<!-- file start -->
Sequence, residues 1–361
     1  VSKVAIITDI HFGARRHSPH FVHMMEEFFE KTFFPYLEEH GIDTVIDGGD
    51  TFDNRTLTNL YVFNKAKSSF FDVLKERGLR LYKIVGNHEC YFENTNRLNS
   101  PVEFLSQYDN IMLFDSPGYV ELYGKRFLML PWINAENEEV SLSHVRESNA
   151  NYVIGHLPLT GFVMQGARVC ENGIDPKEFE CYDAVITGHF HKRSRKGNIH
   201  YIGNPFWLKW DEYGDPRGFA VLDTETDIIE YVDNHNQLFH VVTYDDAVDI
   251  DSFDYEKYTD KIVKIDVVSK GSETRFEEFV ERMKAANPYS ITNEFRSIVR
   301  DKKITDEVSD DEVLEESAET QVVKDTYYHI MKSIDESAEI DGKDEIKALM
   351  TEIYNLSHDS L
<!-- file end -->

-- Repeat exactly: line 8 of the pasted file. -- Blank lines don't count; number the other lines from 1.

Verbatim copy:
   301  DKKITDEVSD DEVLEESAET QVVKDTYYHI MKSIDESAEI DGKDEIKALM